Rodawn is in Alberta. Our friend had a call from another friend. Some of their bison had got out, they phoned their friends to come and hunt them as it was easier to shoot them than chase them back! Your neighbours, maybe?

twofatponies
Jan. 21, 2010, 09:32 PM
And speaking of oxen, maybe the neo-aurochs would look something like this (http://www.ruralheritage.com/ox_paddock/chianina.htm#chianina).

My thoughts exactly. I saw some of the chianina oxen at a fair once, and they are mindblowingly large. Legs like tree trunks. Huge.

stoicfish
Jan. 21, 2010, 10:04 PM
Rodawn is in Alberta. Our friend had a call from another friend. Some of their bison had got out, they phoned their friends to come and hunt them as it was easier to shoot them than chase them back! Your neighbours, maybe?

Um, that just happend in our neighborhood. Not sure if it was your friends as it is a common end to buffalo getting out.

We used to breed Blonde d'Aquitaine
http://www.bovin.qc.ca/bovins_files/File/images/races/boucherie/blonde_aquitaine.jpg

The bulls were way over 2000pds and some of the females were close. So the giant cows would be taller, but some of the breeds today come in around the same weight. But with 10,000 years of selection for domestic use. :eek:

Tamara in TN
Jan. 21, 2010, 10:08 PM
[QUOTE=stoicfish;4634177]Um, that just happend in our neighborhood. Not sure if it was your friends as it is a common end to buffalo getting out.

We used to breed Blonde d'Aquitaine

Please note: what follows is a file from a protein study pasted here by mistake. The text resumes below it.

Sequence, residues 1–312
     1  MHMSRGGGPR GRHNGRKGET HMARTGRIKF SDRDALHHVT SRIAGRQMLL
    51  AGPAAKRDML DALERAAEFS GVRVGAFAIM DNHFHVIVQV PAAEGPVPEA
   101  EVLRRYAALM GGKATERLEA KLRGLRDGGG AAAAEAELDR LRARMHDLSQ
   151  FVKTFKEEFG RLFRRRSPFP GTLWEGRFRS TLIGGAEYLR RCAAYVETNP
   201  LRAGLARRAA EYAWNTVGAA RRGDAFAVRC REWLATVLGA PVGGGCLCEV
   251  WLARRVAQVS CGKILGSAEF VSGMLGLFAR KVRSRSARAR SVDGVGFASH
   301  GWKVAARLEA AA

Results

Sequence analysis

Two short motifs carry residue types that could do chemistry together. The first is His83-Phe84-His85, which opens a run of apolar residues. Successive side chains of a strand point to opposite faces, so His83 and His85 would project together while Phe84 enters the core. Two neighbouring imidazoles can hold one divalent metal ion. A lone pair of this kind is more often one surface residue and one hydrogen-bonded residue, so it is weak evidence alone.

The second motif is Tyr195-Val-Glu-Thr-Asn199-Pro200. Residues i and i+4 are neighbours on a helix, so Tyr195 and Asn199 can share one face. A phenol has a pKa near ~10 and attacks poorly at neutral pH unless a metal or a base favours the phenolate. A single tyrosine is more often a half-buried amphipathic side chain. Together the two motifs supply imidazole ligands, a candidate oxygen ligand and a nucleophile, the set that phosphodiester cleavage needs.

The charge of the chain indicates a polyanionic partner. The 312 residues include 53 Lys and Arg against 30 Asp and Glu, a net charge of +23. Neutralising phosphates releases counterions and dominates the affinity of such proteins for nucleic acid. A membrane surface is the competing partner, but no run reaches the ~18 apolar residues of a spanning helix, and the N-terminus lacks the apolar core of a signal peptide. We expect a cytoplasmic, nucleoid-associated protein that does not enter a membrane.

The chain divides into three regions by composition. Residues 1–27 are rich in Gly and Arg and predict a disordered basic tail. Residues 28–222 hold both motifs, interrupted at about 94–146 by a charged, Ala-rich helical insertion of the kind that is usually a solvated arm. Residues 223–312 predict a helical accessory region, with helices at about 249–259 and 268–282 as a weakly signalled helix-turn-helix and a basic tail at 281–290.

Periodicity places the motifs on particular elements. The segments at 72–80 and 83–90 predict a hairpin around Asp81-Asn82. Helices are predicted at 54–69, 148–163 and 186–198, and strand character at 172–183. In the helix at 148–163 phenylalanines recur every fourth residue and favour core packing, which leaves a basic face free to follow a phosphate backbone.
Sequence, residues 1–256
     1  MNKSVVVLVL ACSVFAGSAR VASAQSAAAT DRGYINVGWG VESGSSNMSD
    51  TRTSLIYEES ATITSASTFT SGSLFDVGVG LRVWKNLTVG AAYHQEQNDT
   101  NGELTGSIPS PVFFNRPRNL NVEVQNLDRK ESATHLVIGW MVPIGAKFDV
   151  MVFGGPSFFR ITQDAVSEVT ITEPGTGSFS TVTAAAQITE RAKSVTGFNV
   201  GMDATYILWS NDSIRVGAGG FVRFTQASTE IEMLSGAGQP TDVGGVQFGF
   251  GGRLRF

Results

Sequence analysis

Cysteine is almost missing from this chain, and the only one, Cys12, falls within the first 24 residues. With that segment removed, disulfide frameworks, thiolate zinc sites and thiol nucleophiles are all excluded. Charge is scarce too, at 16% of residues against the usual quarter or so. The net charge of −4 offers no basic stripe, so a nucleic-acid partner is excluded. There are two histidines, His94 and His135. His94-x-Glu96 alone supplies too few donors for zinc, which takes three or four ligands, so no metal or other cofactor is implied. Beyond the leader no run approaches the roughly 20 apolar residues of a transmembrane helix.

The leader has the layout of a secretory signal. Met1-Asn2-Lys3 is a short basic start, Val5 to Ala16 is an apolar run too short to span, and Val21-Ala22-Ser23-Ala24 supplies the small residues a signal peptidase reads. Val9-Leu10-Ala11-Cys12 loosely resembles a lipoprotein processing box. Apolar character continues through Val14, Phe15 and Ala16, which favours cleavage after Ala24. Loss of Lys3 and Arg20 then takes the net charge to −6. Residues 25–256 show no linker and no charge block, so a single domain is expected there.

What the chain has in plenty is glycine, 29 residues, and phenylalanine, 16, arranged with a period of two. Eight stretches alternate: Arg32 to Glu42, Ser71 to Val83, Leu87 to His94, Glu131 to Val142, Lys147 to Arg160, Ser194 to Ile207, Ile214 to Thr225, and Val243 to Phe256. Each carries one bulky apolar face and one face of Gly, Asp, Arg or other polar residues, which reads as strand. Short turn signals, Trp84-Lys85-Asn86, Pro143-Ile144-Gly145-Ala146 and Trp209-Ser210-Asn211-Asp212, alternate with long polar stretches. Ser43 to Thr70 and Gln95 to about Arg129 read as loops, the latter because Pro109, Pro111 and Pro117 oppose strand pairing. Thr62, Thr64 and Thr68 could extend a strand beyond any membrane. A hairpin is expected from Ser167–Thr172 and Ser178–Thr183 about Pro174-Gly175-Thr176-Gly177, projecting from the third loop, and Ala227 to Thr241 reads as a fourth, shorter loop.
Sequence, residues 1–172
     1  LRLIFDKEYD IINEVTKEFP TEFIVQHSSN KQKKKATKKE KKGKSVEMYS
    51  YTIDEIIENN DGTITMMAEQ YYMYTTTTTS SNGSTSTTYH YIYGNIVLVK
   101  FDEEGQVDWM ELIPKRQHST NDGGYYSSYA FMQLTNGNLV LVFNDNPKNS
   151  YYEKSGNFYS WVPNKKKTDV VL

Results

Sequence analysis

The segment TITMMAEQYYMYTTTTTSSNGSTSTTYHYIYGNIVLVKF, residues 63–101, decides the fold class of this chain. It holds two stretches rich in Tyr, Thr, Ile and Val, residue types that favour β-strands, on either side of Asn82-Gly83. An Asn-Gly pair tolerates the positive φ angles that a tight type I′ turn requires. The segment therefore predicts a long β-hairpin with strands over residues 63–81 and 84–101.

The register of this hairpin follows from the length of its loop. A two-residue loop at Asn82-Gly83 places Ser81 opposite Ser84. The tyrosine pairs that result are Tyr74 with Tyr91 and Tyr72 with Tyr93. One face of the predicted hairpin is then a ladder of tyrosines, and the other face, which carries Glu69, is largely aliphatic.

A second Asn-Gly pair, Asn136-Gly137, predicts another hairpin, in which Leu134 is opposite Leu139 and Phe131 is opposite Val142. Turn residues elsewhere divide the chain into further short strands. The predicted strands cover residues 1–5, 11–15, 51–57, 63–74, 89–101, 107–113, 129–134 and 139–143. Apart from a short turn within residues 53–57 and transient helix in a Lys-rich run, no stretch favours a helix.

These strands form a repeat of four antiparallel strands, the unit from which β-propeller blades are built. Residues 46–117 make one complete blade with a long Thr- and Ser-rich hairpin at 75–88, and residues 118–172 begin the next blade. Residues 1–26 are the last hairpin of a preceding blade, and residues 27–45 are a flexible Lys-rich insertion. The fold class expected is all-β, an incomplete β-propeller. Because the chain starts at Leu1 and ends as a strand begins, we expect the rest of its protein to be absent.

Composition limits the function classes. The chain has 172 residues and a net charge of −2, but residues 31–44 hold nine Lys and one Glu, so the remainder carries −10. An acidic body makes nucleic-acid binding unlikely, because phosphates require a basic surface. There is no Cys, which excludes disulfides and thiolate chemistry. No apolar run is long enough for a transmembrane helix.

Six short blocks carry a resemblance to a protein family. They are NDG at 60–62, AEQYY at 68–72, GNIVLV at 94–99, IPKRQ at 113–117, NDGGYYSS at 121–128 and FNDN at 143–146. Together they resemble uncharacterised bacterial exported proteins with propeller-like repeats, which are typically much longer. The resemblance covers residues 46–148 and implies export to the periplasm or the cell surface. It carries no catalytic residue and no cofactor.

http://www.bovin.qc.ca/bovins_files/File/images/races/boucherie/blonde_aquitaine.jpg

no WAY...!!! now I am jealous...I always thought that they were great

Tamara in TN

stoicfish
Jan. 21, 2010, 10:41 PM
[QUOTE]

no WAY...!!! now I am jealous...I always thought that they were great

Tamara in TN

Are you teasing me? :lol: That’s funny.
We raised them for 20 some years. We had a big old bull named Murray who loaded in trailers better then most horses. :D
He loved being scratched too!

Your a farm kid too?

Kestrel
Jan. 21, 2010, 11:12 PM
How about these Belgian Blues? Though they are huge due to specific mutation, I hate to have to stop an angry one. http://www.hemmy.net/2007/07/16/belgian-blue-cattle-super-cow-aka-incredible-hulk-cow/

Belgian and Brabant horses show some of this, but I don't think to the same extent as the cattle.

greysandbays
Jan. 22, 2010, 12:40 AM
There's a bison herd in my county that is fenced in 4' woven wire with a strand of barbwire along the top and ordinary wood fence posts. Half a mile of that fence is along what passes for a major highway in our area.